Increasing Usage Of Swear Words In Literature Proves The Rising Individualism In American Society

Saicharan Palakurthi

With the advent of 21st century, the usage of swear words has grown frequently. People spell swear words more in the casual conversations, be it casual talks or some official purposes.

Many surveys left some shocking impressions on the frequent usage of the swear words. Twenge, the author of the book, Generation Me has said, “The increases in swear words in books is part of a larger cultural trend toward individualism and free expression.”

In the recent study conducted by Twenge along with SDSU graduate student Hannah VanLandingham and University of Georgia psychologist W. Keith Campbell, they analyzed the textual content from tens of thousands of books published between 1950 and 2008, and that have been cataloged by the Google Books database.

And, within this corpus, they searched for instances of Carlin’s seven notorious words (which we won’t print here but are noted in the study, or can be easily found online).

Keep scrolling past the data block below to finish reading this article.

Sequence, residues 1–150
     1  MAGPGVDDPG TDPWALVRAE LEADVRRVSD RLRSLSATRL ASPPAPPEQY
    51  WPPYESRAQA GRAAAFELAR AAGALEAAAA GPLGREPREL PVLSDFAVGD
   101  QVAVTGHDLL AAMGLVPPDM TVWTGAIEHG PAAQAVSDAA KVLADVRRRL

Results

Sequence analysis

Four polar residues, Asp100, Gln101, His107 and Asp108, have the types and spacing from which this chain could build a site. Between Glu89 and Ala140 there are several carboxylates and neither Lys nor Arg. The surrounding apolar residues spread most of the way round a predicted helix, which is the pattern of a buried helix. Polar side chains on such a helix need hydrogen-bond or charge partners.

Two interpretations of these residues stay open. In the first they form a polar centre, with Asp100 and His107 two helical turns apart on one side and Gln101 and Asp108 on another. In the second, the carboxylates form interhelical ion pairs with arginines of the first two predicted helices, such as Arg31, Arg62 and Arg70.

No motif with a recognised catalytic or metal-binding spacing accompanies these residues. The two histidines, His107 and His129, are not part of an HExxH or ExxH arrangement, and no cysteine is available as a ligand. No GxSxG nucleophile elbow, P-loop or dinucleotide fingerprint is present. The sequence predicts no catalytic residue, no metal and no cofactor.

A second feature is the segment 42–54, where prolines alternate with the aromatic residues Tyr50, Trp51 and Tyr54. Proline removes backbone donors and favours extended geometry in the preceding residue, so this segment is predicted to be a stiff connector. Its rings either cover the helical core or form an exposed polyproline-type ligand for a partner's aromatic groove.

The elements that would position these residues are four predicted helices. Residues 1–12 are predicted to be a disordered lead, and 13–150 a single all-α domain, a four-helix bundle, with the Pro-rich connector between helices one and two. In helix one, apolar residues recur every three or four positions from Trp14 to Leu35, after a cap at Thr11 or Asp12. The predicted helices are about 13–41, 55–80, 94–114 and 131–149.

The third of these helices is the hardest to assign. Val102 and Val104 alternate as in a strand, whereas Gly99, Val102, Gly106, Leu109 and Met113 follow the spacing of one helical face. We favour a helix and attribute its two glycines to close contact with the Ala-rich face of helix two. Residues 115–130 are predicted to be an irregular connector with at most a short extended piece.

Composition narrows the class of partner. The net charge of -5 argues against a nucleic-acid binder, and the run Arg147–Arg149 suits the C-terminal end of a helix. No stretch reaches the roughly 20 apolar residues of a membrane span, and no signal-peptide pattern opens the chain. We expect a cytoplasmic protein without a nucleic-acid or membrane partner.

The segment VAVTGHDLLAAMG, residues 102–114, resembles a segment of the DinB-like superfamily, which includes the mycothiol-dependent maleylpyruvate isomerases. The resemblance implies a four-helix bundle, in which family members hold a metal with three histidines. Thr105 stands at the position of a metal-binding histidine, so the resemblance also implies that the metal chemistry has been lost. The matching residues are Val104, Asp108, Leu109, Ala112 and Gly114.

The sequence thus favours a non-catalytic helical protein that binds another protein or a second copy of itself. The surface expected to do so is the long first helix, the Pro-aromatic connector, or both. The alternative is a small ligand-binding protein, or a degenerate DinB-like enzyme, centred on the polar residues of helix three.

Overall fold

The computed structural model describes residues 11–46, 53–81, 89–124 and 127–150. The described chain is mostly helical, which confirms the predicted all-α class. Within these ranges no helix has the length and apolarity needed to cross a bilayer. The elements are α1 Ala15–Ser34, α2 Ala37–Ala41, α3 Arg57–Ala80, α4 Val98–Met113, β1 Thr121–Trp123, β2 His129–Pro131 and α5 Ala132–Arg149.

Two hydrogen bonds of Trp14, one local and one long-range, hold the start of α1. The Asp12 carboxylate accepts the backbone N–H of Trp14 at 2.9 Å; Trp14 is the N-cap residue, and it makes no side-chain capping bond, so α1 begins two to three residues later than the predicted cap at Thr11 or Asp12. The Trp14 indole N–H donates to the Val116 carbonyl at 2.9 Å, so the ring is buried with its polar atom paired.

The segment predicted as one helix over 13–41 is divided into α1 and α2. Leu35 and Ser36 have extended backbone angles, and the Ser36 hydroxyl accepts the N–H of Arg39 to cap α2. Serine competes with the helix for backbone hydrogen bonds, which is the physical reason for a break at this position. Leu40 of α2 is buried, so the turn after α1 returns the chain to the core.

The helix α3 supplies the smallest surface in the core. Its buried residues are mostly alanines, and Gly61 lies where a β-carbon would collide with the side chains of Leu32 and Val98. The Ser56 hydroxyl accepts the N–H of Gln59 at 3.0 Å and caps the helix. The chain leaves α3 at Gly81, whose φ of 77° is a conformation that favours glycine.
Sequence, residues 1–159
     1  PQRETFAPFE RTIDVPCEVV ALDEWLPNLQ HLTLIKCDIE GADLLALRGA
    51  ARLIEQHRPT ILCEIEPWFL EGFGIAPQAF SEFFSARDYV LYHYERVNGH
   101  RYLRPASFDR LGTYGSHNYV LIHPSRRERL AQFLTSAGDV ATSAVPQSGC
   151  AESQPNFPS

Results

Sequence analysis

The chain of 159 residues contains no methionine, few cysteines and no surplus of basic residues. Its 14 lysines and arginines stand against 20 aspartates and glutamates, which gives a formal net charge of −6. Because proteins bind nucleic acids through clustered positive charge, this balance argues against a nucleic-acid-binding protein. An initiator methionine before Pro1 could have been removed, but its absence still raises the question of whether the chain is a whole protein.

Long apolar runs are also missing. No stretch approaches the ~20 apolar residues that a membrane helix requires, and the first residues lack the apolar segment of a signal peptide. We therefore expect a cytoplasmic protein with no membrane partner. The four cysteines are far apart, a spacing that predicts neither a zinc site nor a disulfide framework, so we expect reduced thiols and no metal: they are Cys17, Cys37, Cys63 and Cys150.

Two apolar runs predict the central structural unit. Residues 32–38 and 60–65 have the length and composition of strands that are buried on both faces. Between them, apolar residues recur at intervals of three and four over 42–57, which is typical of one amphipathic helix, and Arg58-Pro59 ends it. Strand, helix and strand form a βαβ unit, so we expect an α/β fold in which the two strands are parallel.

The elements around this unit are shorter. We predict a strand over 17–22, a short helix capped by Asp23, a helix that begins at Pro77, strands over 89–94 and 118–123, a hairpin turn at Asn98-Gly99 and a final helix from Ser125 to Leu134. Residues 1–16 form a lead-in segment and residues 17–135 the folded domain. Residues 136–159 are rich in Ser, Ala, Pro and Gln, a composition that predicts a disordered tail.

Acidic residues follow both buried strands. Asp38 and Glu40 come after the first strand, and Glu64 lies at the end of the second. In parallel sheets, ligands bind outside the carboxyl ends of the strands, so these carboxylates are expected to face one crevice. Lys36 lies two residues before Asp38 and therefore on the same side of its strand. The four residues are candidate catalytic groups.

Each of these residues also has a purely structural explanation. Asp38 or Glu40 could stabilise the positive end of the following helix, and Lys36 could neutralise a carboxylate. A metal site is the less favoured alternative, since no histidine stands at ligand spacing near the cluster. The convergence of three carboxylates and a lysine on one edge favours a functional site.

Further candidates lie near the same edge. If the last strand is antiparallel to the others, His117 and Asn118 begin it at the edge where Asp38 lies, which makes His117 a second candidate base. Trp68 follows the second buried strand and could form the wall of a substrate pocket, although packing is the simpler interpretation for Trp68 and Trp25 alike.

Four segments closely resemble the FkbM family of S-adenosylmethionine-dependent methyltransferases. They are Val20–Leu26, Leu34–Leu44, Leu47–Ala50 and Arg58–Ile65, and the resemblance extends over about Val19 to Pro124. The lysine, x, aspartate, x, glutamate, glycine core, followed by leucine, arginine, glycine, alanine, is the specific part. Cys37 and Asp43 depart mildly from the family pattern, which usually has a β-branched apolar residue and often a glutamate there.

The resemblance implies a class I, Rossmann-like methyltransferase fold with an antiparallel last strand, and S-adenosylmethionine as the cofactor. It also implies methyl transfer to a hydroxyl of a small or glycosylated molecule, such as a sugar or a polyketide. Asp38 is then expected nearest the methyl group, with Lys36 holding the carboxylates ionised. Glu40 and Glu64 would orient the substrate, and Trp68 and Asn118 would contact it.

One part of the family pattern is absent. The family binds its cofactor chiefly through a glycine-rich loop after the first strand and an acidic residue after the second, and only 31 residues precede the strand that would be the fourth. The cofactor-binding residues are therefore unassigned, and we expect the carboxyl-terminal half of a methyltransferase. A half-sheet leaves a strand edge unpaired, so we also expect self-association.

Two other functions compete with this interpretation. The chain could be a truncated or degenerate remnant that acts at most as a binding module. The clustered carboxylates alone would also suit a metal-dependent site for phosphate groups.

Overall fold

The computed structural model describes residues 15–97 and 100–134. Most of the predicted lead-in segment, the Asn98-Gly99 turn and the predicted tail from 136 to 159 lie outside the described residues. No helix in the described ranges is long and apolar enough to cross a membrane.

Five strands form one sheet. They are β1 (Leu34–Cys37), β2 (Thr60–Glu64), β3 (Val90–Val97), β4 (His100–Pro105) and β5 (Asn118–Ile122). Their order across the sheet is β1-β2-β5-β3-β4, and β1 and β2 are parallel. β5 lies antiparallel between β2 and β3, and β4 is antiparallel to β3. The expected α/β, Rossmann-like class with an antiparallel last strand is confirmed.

Image result for swear words in american society

The results of this study indicated the rising trend of those words appearing in the books, the team reports in the journal SAGE Open. In total, American authors used the seven risqué words 28 times more often in the mid-2000s than the early 1950s.

Later Twenge added, “Forty-five years after George Carlin’s routine, you can say those words on television—and in books.”

However, the findings suggest that these words have become much less taboo over time, she said. One interpretation is that people today value free expression more than they did several decades ago. That dovetails with previous research which has found that American society is becoming increasingly individualistic. That characteristic is especially prominent in young people, Twenge said comparing the life styles during both the eras.

“Millennials have a ‘come as you are’ philosophy, and this study shows one of the ways they got it: The culture has shifted toward more free self-expression,” she concluded.

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